Those voters showed up for Akin on Tuesday. He won the evangelical-rich territory of southwest Missouri and most of the counties along the Arkansas border. On top of that, he won big victories in the St. Louis area, where he has been a U.S. representative for more than 10 years. Akin won convincingly in St. Louis and St. Charles counties, which make up a considerable portion of the overall electorate. Franklin was the only St. Louis-area county Akin didn't win.

Akin's television ads during the primary barely contained a word from the actual candidate, instead relying on others, including former Arkansas Gov. Mike Huckabee, an ordained minister who won the GOP presidential Iowa caucuses in 2008.

Huckabee said he would do more commercials for Akin in the fall, if asked.

"Todd Akin is an unusual politician," Huckabee said Wednesday. "He doesn't go out and trash other people."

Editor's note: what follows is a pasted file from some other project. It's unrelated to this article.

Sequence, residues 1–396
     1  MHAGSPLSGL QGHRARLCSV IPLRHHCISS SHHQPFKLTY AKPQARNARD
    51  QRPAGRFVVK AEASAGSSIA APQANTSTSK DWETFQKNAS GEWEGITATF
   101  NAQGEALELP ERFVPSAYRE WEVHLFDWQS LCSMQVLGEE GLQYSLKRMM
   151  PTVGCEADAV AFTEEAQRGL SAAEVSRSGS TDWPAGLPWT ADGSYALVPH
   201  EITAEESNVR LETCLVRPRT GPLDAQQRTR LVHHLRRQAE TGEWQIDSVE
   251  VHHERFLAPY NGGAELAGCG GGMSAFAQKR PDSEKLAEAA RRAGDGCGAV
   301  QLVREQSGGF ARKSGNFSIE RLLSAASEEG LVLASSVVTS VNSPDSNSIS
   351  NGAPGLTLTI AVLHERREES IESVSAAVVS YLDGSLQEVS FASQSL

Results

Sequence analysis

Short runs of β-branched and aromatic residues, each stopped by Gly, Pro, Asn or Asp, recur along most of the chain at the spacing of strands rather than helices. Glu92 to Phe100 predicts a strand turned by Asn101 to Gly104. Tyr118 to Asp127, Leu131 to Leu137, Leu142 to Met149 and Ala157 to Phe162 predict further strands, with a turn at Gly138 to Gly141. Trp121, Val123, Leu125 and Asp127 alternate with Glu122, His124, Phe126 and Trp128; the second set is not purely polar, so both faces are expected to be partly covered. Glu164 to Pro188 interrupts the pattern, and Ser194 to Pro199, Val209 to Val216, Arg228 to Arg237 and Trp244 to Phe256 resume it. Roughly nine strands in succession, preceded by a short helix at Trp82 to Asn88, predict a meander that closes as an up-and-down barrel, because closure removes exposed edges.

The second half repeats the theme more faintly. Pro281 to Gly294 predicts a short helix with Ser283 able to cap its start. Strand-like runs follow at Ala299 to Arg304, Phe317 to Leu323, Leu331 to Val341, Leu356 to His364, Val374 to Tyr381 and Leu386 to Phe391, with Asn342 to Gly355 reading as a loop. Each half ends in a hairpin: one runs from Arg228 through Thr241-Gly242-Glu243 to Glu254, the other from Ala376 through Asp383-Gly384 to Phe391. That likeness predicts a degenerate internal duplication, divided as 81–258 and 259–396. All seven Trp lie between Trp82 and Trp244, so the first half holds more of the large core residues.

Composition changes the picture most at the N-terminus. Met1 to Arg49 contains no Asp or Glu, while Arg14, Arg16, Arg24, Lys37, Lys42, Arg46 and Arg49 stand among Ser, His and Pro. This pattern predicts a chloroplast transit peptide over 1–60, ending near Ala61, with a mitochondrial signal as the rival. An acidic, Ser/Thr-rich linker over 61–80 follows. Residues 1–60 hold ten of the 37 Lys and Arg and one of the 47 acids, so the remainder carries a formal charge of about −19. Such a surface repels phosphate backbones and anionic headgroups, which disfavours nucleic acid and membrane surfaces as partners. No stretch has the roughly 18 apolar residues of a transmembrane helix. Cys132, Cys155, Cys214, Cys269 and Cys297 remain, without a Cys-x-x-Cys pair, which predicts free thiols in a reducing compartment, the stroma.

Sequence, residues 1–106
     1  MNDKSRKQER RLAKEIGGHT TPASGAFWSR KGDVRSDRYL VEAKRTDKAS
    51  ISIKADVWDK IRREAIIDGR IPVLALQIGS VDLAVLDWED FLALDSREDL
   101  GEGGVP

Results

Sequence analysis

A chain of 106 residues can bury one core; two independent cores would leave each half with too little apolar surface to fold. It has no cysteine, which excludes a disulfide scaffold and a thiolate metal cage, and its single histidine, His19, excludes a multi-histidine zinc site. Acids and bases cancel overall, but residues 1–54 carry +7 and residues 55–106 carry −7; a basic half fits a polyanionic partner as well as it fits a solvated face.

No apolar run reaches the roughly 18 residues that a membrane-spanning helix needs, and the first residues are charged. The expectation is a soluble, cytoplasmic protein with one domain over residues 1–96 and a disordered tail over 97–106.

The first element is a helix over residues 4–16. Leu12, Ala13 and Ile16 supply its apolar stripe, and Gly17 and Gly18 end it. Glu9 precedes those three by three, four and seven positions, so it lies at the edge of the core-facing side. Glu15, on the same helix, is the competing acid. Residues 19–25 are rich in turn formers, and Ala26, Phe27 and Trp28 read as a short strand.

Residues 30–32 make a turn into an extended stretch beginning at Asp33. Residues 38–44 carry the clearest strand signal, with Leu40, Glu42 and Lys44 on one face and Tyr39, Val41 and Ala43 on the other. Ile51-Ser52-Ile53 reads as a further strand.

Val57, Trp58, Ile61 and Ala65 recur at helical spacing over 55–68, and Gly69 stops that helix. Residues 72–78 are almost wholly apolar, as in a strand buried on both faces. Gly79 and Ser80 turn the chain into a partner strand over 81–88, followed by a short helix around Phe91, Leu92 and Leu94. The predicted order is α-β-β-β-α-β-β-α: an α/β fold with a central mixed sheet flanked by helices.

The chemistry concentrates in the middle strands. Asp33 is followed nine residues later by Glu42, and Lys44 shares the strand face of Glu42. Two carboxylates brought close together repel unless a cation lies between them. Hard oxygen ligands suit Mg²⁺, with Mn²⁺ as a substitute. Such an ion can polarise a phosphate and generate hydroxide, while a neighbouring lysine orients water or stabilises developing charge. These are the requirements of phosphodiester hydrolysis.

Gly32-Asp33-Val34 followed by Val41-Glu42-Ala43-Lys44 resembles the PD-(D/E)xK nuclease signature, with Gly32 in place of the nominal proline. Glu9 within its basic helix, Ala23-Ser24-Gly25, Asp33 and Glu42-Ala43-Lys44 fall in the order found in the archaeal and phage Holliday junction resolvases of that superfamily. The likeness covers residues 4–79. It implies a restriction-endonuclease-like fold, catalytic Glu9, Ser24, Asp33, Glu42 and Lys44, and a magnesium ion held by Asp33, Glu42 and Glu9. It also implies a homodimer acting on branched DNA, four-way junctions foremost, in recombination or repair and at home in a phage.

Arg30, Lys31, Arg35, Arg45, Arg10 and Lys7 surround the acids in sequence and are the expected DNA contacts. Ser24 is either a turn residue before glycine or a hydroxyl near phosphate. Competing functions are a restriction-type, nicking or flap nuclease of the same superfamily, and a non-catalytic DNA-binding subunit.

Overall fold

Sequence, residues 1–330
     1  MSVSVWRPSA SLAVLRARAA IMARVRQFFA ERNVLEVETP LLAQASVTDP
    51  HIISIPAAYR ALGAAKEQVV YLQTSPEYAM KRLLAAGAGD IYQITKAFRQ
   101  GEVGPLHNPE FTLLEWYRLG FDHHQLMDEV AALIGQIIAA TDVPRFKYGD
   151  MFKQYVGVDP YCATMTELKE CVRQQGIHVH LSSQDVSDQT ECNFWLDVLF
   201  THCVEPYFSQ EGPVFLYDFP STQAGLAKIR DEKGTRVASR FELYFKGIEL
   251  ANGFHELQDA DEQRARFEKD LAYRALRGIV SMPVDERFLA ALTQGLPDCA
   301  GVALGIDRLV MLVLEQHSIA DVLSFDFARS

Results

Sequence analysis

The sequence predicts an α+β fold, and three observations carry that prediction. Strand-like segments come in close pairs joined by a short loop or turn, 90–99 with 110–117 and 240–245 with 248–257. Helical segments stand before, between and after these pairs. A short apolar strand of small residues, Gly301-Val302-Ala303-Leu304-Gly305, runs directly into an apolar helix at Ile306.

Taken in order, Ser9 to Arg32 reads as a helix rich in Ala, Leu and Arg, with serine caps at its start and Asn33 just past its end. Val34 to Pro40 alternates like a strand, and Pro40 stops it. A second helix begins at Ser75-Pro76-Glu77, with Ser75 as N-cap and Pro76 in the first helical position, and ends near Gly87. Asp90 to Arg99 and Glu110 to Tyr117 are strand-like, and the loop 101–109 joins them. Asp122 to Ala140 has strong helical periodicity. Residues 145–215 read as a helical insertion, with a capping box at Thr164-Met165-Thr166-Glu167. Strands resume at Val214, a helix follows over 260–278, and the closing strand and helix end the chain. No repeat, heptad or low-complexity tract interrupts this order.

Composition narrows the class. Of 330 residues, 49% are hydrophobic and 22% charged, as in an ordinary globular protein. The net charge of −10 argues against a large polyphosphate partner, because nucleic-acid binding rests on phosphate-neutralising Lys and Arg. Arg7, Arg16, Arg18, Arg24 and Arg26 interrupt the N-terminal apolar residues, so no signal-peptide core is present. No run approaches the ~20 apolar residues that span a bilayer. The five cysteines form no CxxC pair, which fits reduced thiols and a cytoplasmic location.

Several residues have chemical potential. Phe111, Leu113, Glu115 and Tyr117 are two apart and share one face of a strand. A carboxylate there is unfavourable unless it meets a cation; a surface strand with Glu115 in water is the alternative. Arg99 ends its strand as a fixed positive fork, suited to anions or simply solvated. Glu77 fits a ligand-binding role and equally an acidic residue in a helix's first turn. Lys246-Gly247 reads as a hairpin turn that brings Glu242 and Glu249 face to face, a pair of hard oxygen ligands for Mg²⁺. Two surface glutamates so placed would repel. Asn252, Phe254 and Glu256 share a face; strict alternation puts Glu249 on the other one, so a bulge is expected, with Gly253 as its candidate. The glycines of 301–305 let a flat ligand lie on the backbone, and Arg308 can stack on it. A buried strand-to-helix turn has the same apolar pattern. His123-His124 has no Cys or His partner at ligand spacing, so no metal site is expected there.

Akin, who thanked Huckabee in his victory speech on Tuesday night, was far less negative than his opponents in the primary.

Ryan Hite, an Akin spokesman, said the congressman would maintain that outlook in the fall, but ads run by supportive outside groups "is not something we can control."

Outside groups, including Crossroads GPS, the Karl Rove-affiliated 'super-PAC," have spent millions on ads so far to attack McCaskill on her support of President Barack Obama in the health care and stimulus spending fights. More is expected to come.

In response, McCaskill and Democrats signaled that they will wage a hard-edged campaign against Akin, an effort that could be modeled after successful Democratic campaigns in Nevada and Colorado two years ago against GOP candidates similar to Akin.

GOP establishment forces in Washington may have been rooting for St. Louis businessman John Brunner in part for financial reasons. Had Brunner triumphed as polls predicted, he likely would have continued to self-fund his campaign to a large extent, allowing Republicans nationally to direct their spending to Senate races other than Missouri's.

Asked if the National Republican Senatorial Committee was disappointed in the outcome, spokesman Lance Trover said no.

"This race will be a referendum on Claire McCaskill and how she turned her back on the people of Missouri in favor of Barack Obama and his far-left agenda," Trover said.